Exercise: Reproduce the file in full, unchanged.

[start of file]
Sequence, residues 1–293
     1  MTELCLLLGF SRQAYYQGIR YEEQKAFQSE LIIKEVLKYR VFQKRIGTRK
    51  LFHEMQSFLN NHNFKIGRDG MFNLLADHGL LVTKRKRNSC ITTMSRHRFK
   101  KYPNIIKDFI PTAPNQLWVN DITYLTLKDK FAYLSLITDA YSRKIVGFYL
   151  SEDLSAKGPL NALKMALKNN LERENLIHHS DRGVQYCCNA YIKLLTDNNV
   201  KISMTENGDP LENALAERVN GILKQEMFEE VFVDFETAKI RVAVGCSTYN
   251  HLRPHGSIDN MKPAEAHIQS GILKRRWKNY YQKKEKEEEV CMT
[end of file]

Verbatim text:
Sequence, residues 1–293
     1  MTELCLLLGF SRQAYYQGIR YEEQKAFQSE LIIKEVLKYR VFQKRIGTRK
    51  LFHEMQSFLN NHNFKIGRDG MFNLLADHGL LVTKRKRNSC ITTMSRHRFK
   101  KYPNIIKDFI PTAPNQLWVN DITYLTLKDK FAYLSLITDA YSRKIVGFYL
   151  SEDLSAKGPL NALKMALKNN LERENLIHHS DRGVQYCCNA YIKLLTDNNV
   201  KISMTENGDP LENALAERVN GILKQEMFEE VFVDFETAKI RVAVGCSTYN
   251  HLRPHGSIDN MKPAEAHIQS GILKRRWKNY YQKKEKEEEV CMT